Finding Inspiration in Ancient Texts

It’s been a while, and I’m sorry. Sometimes inspiration hits and its wonderful, sometimes it is more “forced.” Lately, for me, the inspiration to write has been fleeting at best. Although it’s been a relatively mild winter here in Southern New England, it’s been a grey one. Not very good for your psyche or inspiration. I have, however, been back to the books – both reading and writing them.

Many of you know that I have been taking a deep dive into Patanjali’s Yoga Sutras: first exploring the Yamas & Niyamas, and now looking at the expansiveness of the Sutras as a whole. I am discovering that it is a fantastic roadmap for living life, a spiritual life specifically, and awakening to our highest potential.

I feel that our collective society is seeking more meaning from their lives right now. In these post-COVID times (though honestly, we really aren’t done with COVID), I find many have this sense of “what now?” People have become disenchanted with their lives: work, school, society, relationships. It reminds me of a mid-life crisis, except people at every age are feeling some of it.

It is times like these that many turn to their spiritual practices to refocus and reset. Many, however, have turned away from their religious teachings as they no longer find a connection with them. Whether its the position of their religious affiliation on social matters, that the texts seem outdated or unapplicable to their lives, or whatever; people have turned away from the guidance of their religion, and as a consequence don’t know where to go for guidance. They have lost connection with the spiritual roots of their religion.

All religions point back to the same universal truths. They just use stories that are relevant to their audience to portray those truths. Whether it’s the Bible, Quaran, Bhagavad Gita or what have you; they each use the stories of their cultural history to pass down spiritual knowledge. As one of my teachers said, religion is the wrapping paper, the truth revealed by each is the gift. Let’s say I give you a gift wrapped in fine silk; you would expect it to be a fine gift indeed. But what if I wrapped that same gift in yesterday’s newspaper, would that gift be any less valuable? Religion is the wrapping paper: Catholicism, Hinduism, Muslim, Jainism, Buddhism, Episcopal, Baptist, Wiccan, etc. The truth that each of them point to is the gift.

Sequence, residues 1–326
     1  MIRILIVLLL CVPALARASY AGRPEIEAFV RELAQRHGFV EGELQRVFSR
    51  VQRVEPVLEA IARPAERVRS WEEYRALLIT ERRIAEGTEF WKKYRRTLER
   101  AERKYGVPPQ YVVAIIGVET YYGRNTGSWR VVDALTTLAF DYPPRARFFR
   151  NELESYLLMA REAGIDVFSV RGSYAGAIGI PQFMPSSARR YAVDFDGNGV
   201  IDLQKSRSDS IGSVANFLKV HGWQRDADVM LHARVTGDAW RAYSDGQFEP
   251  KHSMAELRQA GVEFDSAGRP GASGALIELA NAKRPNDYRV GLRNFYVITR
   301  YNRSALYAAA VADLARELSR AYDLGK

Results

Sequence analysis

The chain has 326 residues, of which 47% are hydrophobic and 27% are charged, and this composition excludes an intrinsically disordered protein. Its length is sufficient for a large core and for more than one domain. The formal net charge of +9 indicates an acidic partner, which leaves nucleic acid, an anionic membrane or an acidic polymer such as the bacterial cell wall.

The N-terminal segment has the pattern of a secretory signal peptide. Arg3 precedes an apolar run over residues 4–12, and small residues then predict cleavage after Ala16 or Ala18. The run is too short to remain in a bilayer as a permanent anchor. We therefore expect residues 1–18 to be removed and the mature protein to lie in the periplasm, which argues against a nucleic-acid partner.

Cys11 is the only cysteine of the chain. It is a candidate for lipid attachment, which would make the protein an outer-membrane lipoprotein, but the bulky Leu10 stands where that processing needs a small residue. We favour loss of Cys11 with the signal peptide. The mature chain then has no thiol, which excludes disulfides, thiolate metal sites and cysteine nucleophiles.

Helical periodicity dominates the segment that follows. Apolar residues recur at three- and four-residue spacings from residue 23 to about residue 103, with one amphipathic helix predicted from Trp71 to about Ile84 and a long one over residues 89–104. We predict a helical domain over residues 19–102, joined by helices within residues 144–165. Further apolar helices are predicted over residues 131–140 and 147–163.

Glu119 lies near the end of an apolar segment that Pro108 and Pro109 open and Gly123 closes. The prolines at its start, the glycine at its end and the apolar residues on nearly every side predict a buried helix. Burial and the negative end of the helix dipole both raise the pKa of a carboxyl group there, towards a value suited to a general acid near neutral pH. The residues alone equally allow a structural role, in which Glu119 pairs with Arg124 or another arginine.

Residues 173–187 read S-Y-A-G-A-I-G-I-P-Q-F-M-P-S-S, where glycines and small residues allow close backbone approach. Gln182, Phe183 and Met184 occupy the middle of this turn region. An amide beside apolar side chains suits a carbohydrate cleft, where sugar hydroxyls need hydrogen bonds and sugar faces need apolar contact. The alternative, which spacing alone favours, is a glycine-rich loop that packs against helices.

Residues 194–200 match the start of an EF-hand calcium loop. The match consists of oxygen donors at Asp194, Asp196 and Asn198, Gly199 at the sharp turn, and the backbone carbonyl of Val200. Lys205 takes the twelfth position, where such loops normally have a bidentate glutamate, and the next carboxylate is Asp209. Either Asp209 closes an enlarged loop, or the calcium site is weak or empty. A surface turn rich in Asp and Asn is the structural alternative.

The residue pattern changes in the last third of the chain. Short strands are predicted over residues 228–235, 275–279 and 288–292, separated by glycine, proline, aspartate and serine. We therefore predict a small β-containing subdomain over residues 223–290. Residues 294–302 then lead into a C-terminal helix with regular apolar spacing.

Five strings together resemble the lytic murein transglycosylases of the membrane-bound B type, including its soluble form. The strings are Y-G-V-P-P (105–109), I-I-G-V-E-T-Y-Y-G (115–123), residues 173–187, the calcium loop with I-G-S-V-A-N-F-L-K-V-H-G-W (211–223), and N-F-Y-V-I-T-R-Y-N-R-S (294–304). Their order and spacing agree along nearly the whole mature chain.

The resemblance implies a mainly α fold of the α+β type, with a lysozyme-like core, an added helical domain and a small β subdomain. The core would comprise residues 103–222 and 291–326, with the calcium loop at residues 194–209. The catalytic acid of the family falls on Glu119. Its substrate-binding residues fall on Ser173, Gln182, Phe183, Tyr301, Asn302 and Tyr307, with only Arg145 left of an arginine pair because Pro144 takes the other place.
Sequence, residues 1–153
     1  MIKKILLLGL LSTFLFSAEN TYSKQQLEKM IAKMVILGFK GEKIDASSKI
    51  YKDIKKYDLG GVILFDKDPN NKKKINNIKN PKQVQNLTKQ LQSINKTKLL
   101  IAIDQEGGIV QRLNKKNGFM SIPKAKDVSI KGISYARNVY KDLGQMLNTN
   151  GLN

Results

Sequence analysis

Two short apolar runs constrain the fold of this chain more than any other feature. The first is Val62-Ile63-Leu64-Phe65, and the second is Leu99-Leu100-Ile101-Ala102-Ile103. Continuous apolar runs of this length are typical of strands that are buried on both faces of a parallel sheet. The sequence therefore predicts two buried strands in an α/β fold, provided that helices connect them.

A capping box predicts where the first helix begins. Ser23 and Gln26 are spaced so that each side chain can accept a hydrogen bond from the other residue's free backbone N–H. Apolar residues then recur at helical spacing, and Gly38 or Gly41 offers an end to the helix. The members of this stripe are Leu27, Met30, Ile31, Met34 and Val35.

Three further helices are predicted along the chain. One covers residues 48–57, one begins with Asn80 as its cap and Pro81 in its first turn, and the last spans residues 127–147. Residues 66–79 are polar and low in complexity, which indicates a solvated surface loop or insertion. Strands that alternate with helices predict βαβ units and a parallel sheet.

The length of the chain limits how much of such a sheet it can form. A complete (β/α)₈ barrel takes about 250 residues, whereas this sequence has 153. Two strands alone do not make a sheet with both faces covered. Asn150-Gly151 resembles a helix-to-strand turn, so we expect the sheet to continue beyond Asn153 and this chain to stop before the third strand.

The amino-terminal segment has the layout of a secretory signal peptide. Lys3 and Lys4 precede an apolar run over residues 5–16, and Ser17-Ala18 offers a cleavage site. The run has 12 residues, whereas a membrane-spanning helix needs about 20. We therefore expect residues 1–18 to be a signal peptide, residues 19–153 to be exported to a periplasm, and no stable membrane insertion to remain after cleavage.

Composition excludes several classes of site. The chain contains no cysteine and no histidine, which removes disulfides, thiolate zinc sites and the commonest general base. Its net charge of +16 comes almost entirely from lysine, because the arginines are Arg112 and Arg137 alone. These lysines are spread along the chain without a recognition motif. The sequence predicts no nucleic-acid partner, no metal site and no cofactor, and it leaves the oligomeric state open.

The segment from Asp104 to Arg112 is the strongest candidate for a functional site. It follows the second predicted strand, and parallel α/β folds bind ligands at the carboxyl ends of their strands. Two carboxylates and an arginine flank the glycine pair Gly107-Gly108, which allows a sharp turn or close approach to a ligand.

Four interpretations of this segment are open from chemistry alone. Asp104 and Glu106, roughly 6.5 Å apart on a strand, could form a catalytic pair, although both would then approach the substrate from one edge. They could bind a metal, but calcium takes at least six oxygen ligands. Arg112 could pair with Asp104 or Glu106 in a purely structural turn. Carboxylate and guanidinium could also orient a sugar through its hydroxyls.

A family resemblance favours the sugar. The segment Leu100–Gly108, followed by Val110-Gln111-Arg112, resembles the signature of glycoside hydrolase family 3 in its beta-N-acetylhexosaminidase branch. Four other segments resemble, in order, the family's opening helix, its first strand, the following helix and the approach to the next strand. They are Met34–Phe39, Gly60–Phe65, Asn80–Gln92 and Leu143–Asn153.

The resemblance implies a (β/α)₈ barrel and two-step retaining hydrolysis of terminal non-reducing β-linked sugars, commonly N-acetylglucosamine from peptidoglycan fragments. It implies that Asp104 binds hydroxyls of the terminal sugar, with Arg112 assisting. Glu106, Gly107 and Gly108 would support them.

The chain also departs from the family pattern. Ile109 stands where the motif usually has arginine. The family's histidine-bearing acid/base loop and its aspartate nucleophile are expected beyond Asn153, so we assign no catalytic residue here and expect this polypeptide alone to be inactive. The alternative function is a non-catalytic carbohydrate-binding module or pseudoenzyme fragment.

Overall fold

I think what I like about the Yoga Sutras is that, even though they hail from the land of Hinduism, the teaching isn’t blatantly Hindu. I am finding that when studied with an open and curious mind, the Yoga Sutras can be used to help point out truth in any spiritual or religious tradition. As I continue my personal study of these texts, I find it brings me a bit of peace and understanding in these post-COVID, gloomy-warm, can’t-wait-for-sunshine days.

So, if you are struggling to make sense of life and your purpose right now, know that you are not alone. Perhaps revisiting a text (whether religious teachings, or a fictional story that once inspired you) may help? Read it with new eyes, with a deep curiosity for the underlying (maybe not immediately clear) meanings. And allow it to inspire you anew. With much love, Namaste.

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